Characteristics of some soil fertilizer tree species A typology of participation Framework for assessing the adoption potential of agroforestry practices Timing and location of improved fallow management and tree domestication research from 1994 to 2004 in the humid forest and savannah zone of Cameroon Participatory methods and their uses Socio-economic and biophysical characteristics of 6 pilot nurseries, established by ICRAF and partners in Cameroon in 1998-1999 Number of participants in focus group discussions, per category and per village, for survey on participation of vulnerable groups in tree domestication, June-August 2004, Cameroon Number of interviewees per category and per village for individual interview on participation of vulnerable groups in tree domestication, June-August 2004, Cameroon Some development indicators of Cameroon Historical profile of Belo, moist savannah zone of Cameroon Some human development indicators of Cameroon Population in study sites - Cameroon Some human and natural capital assets in study sites – Cameroon Most common fruit tree species in 4 communities in Cameroon Infrastructure in study sites – Cameroon Relationship between livelihood strategies on the one hand and farm size, household size and age of household head on the other hand Tree fallow cropping cycles and maize grain yields (t ha-1), on-station Yaoundé Effect of tree fallow on maize yield in researcher-designed/researchermanaged trials on farmers’ fields in Abondo and Nkolfep, Cameroon Benefits and disadvantages of tree fallows, in order of importance, as stated during an evaluation session on a farmers’ field day, Abondo, June 1997 Sensitivity analysis showing the effects of changes in key parameters on the profitability of rotational hedgerow intercropping compared to natural fallow, humid forest zone of Cameroon Effect of shrub fallow on crop yields in farmers' fields, Abondo and Nkolfep, forest zone of Cameroon Data used to calculate cajanus fallow enterprise budget Labour requirements, maize production and returns to land and labour of cajanus fallow compared to natural fallow over a 6-year period Diversity in returns to land and to labour of cajanus fallows compared to natural fallows for 7 individual farms in Abondo and Nkolfep, forest zone of Cameroon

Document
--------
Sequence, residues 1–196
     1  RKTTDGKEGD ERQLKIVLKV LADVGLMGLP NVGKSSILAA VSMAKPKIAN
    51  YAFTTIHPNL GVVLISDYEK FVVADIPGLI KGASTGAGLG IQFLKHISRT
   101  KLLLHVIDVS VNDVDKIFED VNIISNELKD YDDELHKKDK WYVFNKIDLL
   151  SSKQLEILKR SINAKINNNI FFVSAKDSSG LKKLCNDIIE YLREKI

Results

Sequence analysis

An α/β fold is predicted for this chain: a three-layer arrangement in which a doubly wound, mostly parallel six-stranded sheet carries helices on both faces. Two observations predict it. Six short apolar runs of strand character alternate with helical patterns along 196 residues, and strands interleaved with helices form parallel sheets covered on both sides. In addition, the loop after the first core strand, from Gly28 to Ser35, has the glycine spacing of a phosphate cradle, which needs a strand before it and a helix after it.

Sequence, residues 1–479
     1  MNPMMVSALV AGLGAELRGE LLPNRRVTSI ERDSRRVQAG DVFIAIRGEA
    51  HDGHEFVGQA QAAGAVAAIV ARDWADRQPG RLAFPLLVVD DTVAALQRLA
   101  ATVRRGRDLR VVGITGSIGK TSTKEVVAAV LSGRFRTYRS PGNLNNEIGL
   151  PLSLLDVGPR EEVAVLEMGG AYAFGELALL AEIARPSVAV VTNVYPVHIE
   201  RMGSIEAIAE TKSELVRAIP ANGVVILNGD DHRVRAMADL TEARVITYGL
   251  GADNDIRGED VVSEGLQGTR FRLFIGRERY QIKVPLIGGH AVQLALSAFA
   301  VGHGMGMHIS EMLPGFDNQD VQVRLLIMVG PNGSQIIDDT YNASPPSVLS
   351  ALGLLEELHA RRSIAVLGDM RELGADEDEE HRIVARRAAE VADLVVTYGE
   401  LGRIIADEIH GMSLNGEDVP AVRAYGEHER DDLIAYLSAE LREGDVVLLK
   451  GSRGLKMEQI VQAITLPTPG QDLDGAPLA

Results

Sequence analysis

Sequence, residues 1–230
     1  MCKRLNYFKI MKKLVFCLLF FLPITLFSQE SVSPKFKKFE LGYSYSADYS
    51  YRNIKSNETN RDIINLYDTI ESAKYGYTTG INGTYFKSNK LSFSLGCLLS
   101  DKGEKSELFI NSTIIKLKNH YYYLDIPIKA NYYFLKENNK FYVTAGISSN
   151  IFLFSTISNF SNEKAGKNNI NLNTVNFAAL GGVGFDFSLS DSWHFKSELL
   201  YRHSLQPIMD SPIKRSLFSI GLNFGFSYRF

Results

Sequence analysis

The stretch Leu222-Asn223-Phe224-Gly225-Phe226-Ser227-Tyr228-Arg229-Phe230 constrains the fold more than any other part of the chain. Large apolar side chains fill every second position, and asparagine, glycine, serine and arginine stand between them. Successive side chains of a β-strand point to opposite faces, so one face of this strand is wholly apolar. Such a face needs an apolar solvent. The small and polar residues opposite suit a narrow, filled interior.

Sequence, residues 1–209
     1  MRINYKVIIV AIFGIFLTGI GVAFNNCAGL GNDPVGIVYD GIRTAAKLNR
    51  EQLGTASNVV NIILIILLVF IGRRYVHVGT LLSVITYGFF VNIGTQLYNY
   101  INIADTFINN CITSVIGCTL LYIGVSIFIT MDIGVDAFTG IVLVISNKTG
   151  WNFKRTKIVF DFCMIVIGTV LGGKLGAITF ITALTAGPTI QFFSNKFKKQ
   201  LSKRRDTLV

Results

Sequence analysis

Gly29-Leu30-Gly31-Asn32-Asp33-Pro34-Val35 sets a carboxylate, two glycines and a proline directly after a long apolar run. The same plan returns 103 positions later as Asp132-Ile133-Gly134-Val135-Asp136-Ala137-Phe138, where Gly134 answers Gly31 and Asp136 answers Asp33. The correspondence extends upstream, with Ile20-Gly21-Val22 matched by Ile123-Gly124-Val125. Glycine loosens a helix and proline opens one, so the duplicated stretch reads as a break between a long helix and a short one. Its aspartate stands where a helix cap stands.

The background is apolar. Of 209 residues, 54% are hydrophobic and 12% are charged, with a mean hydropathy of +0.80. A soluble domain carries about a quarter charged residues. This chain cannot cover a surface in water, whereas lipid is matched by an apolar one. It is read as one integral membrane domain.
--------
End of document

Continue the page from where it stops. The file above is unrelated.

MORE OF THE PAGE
35 38 41 44 46 57 59 60 67 74 78 79 80 85 89 99 112 113 113 115 123 124 124 125

Table 5-9 Table 5-10 Table 5-11 Table 5-12 Table 5-13 Table 5-14 Table 6-1 Table 6-2 Table 6-3 Table 6-4 Table 6-5 Table 6-6 Table 6-7 Table 6-8 Table 6-9 Table 6-10 Table 6-11

Sensitivity analysis showing the effects of changes in key parameters on returns to land and to labour of cajanus fallow, compared to natural fallow 127 Results from the farmer workshop on impact of calliandra at field level 136 Results from the farmer workshop on impact of cajanus at field level 137 Key target zones and groups for promotion of improved fallows in the humid forest and savannah zone of Cameroon 138 Summary of the adoption potential of rotational tree fallows in humid forest and savannah zones of Cameroon 144 Summary of the adoption potential of shrub fallows in humid forest and savannah zones of Cameroon 146 Factors assessed for best rooting results of Prunus africana and Dacryodes edulis under non-mist propagator conditions, Yaoundé, Cameroon 152 Rates of rooting and survival of cuttings of 3 indigenous fruit tree species, Yaoundé, Cameroon 152 Rates of rooting and survival of marcotts of 3 indigenous fruit tree species, Yaoundé, Cameroon 153 Production of D. edulis through cuttings in different farmer nurseries in humid forest of Cameroon 154 Data for base analysis of a vegetative propagation unit budget, Cameroon 155 Cost-benefit analysis of a vegetative propagation unit, the case of Abondo, Centre Province of Cameroon 156 Effects of changes in key parameters on profitability of a vegetative propagation unit, the case of Abondo, Centre Province of Cameroon 157 Production and production plan of Lekie-Assi nursery over 5 years 158 Cost/benefit analysis of Lekie-Assi nursery 159 Results from the farmer workshop on impact of tree domestication on farmer livelihoods in humid forest and savannah zones of Cameroon 173 Summary of the adoption potential of agroforestry tree domestication in humid forest and savannah zones of Cameroon 181


TEXT BOXES Box 2-1 Box 3-1 Box 3-2 Box 3-3 Box 3-4 Box 4-1 Box 6-1


Summary of fundamentals of innovation and adoption 26 Types of on-farm trials 49 On-farm trial design for tree fallow management research by ICRAF and partners in the humid forest zone of Cameroon 49 On-farm trial design for shrub fallow management research by ICRAF and partners in the humid forest zone of Cameroon 50 Prototype of a farmer-managed vegetative propagation unit, as developed by ICRAF and partners in Cameroon 55 Farmers’ views on livelihood outcomes 100 Priority species information 151


Alternatives to Slash and Burn


Communauté Economique et Monétaire de l’Afrique Centrale


Communauté Financière Africaine


Consultative Group on International Agricultural Research


Common Initiative Group


Department for International Development, United Kingdom


Food and Agriculture Organisation


Francs de la Communauté Francophone d’Afrique


World Agroforestry Centre (International Centre for Research in Agroforestry)

ICRAF-AHT World Agroforestry Centre - African Humid Tropics Regional Programme IITA